Robbins Accepts Plea Deal, To Be Sentenced Dec. 18
MAYVILLE — A Jamestown man accused of shooting and killing his wife last year pleaded guilty to a lesser charge of first-degree manslaughter on Thursday, moments before his trial was set to begin.
Keith L. Robbins is facing a sentence of 20-25 years with five years of post-sentence supervision when he is sentenced later this year.
Robbins was accused of killing his estranged wife, 36-year-old Shari Robbins, in a Prospect Street parking lot on Nov. 10, 2016, in Jamestown. Robbins was taken into custody on Nov. 15, 2016, after a six-hour standoff not far from where the shooting took place.
The murder trial was set to begin Thursday morning in Chautauqua County Court after a week of jury selection but was quickly adjourned after Robbins agreed to a plea deal with the District Attorney’s Office. With the plea deal, Robbins waived his rights to appeal the trial and his right to a jury.
Robbins, who was 36 at the time of his arrest, avoided the possibility of being found guilty of second-degree murder, a Class A felony, and a 25-to-life sentence. Both District Attorney Patrick Swanson and Public Defender Ned Barone agreed the plea was the right choice to make.
County Court Judge David Foley accepted Robbins guilty plea after reading him his rights.
Swanson said the family of Shari Robbins was comfortable with the sentence.
“He waived his right to appeal, which means essentially that he’ll be spending the next 20-25 years in prison, which is an appropriate sentence given the conduct,” Swanson told The Post-Journal.
The district attorney felt the reduced sentence was appropriate and fair. “We had lengthy discussions with the family and explained (the reduced sentence) to them and they understood,” Swanson said. “I think we’re all pleased with the disposition and we’ll be arguing at sentence for the full 25 (years).”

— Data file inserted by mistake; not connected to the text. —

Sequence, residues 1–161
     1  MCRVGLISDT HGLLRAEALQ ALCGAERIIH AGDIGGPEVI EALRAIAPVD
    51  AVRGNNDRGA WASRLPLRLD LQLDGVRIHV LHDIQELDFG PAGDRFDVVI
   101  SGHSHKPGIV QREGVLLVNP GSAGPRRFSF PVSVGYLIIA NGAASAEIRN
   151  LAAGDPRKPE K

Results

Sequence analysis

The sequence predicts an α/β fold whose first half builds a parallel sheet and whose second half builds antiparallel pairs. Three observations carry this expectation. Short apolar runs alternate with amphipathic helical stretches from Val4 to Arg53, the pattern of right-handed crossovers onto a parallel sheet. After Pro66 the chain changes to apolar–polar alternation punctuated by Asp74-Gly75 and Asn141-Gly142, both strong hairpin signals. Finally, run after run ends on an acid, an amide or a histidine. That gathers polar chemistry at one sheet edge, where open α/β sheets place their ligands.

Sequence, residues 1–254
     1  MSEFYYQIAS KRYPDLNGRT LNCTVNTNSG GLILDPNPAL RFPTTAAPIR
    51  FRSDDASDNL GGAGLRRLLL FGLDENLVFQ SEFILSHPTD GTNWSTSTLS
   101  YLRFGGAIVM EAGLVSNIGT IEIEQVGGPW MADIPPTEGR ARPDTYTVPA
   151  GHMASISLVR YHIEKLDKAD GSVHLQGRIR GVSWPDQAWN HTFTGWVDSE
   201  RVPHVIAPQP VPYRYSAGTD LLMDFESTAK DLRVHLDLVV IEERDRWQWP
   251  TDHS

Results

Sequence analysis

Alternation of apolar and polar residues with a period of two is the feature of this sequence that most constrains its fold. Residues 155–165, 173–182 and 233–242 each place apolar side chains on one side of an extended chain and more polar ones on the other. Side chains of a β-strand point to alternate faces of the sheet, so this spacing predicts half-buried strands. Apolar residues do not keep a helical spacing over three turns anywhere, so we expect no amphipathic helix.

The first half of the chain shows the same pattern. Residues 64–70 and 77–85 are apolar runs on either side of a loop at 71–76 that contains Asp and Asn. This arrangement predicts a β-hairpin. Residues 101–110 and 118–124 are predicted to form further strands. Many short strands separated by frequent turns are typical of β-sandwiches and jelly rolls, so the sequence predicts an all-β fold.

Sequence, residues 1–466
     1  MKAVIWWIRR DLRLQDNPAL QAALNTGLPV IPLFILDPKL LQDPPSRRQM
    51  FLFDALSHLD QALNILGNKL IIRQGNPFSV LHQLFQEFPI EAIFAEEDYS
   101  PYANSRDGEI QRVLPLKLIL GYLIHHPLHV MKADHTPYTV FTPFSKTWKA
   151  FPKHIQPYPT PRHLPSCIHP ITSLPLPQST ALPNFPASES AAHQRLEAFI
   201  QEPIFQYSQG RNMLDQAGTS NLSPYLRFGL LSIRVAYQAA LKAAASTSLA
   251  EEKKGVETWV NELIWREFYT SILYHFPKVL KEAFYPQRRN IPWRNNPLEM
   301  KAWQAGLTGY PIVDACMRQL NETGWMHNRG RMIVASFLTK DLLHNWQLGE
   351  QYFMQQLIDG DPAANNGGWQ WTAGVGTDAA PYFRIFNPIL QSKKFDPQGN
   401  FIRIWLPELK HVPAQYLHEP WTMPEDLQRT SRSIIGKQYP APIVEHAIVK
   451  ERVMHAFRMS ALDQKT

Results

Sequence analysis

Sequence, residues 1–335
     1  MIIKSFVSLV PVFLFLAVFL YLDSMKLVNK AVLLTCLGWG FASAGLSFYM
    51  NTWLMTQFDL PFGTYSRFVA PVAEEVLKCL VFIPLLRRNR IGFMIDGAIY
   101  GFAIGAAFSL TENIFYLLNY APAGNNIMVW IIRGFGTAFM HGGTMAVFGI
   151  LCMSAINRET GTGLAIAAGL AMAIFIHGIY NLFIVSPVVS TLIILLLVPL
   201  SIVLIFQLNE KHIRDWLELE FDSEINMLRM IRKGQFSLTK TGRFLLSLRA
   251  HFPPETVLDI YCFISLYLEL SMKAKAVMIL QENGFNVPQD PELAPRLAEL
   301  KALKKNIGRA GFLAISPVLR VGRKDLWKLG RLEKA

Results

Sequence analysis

Swanson and Barone both said the plea deal would help avoid extending the trial through the coming weeks and give closure to both families. Both said they didn’t want Robbins’ two children to endure the continuous publicity of the trial.
“I think there’s some positive to that,” Swanson said.
Swanson said if his office had pushed for the second-degree murder sentence, there was no guarantee Robbins would have received the maximum sentence.
“There’s no 100 percent certainty that he would have gotten more time than he did,” Swanson said. “There was the hope that we could get a 25 to life sentence but there’s no guarantees at trial and the finality with him waiving his (right to) appeal is important to us.”
While the District Attorney’s Office will be pushing for the maximum 25 years, Barone said he will be asking the court for the lesser 20-year sentence.
“Well, I think that in this particular case it’s a good plea, it’s a good resolution,” Barone said. “I think that it takes into consideration a number of different factors that were relevant in this specific case.”
Those factors included Robbins’ defense that he was under extreme emotional disturbance and did not intend to kill his estranged wife.
“There was a period of time that Mr. Robbins was suffering from some emotional issues which resulted, unfortunately, in the death of Shari Robbins,” Barone said. “We’ve maintained from the beginning that (Keith Robbins) never actually intended on murdering her and therefore that’s how we came up with the plea.”
Barone said the extreme emotional disturbance defense, similar to the “in the heat of the moment” defense, deals with a period of time an individual is experiencing mental health issues, depression and stress all at once that causes an individual to act in way they normally would not have. He said this defense doesn’t pardon an individual of responsibility but it mitigates the damages.
“That’s why we’re comfortable with the ultimate plea,” Barone said. “We think it’s a very good result and we’re happy with it.”
Barone said his legal team was prepared to begin the trial on Thursday and was surprised the plea deal was finalized so quickly.
Robbins will be formally sentenced Dec. 18.